This is good news: if your name is Ciarán, Oisín, Sinéad or Siobhán or Seán; or if your Surname has the prefix Ó, Ní or Uí; or if you have a combination of these. This is a problem you have come across not once but many times. You try to book a ticket and this happens:
|Ó Riain is my Passport Family Name so, strictly speaking I am unable to complete this registration.|
This report of an investigation into allocation of so-called postal codes, found that the Department had indeed breached legislation in using English versions of place names in the Gaeltacht but because "there is no language legislation at present that ensures the State has an obligation to accept the choice of the citizen regarding his/ her name ... it wasn’t included as a statutory question for which findings had to be made as part of the investigation."
He later observed in an address to an Oireachtas Committee that he was disappointed to note that there is no protection, either in the Official Language Acts (2003) nár any other act that protects the use of the use of the name, surname or address in whichever official language the citizen chooses. (Address to Oireachtas Committee on Irish, Gaeltacht and Islands [Irish] - 4 Oct 2016).
However if there is no law in Irish domestic legislation to protect the integrity of one's name the GDPR legislation* passed by the European Union in 2016 (8 April 2016) and enacted earlier this year (25th May 2018) which does so provide. I learned about this from an article and video, ‘Tá sé de cheart agat fada a bheith i d’ainm, faigh é!’ by the award winning Film producer Ciarán Ó Cofaigh (Cré na Cille, Murdair Mhám Trasna, Na Cloigne agus eile!) in the on-line news service tuairisc.ie.
The GDPR legislation "..lays down rules relating to the protection of natural persons with regard to the processing of personal data and rules relating to the free movement of personal data..." (Article 1) but the regulation we are concerned with is Article 6 (Rectification) which baldly states:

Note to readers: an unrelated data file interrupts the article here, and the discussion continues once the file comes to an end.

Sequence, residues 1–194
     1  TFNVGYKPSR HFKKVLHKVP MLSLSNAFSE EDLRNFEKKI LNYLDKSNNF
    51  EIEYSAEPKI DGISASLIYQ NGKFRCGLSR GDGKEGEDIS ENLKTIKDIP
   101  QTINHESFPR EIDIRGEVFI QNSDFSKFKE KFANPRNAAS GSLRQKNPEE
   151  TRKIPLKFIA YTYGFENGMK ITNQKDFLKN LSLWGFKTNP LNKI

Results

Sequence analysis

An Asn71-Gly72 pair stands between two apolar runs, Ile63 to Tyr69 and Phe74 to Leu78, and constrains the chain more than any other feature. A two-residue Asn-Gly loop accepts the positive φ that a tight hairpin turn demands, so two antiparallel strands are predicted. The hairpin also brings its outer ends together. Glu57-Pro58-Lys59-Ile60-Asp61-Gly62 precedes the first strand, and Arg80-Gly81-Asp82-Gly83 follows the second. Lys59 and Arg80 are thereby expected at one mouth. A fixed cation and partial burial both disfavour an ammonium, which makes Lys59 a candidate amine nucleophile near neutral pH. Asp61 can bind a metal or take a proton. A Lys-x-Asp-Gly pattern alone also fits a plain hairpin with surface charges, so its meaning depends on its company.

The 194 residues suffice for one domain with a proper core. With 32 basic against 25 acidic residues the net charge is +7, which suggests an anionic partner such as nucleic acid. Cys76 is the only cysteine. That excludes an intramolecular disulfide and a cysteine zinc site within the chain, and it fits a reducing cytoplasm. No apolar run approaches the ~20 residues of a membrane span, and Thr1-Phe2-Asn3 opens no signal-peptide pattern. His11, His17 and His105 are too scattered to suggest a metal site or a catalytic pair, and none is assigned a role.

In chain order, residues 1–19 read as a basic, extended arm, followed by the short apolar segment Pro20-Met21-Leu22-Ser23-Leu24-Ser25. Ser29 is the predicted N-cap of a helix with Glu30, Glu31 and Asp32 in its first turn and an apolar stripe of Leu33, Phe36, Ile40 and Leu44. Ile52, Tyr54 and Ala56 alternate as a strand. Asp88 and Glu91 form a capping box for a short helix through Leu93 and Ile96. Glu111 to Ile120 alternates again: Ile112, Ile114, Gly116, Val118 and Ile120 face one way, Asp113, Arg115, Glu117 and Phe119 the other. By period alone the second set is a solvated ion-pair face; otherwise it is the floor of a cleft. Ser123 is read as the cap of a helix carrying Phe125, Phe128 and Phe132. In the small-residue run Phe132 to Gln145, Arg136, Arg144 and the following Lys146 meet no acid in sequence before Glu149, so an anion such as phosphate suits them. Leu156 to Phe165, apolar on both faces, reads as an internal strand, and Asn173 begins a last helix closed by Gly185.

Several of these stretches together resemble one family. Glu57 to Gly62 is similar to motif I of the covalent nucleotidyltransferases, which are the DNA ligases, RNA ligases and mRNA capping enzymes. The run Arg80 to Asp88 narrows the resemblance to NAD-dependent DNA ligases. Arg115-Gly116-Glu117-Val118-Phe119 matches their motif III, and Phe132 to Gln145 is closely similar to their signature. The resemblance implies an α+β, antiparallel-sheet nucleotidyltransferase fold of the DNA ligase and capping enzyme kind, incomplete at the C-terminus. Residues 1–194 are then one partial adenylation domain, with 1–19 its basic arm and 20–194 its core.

|"The data subject shall have the right to obtain from the controller without undue delay the rectification of inaccurate personal data concerning him or her. Taking into account the purposes of the processing, the data subject shall have the right to have incomplete personal data completed, including by means of providing a supplementary statement."|
The real punch line in Ó Cofaigh's article comes near the end. Basically he says if more than one request of this nature is received by an entity - and this refers to all entities not just state owned companies or departments - fines of up to €10 million are allowed for.
He urges those who have this problem should make a request not on the basis of human rights (language rights) but under the the GDPR Legislation (Art 16).
He concludes, “Faigh do fhada ar ais, is libhse é agus tá sé de cheart agaibh é a bheith agaibh!” (Get your fada back, it is yours and you have a rigt to it!)
* The text of the GDPR regulations may be found here in English. (It is also available in 24 other European Languages, including our own)
¨You may also like to consider just how important a fada can be. Remember tha Sean means old whereas Seán ia a male name.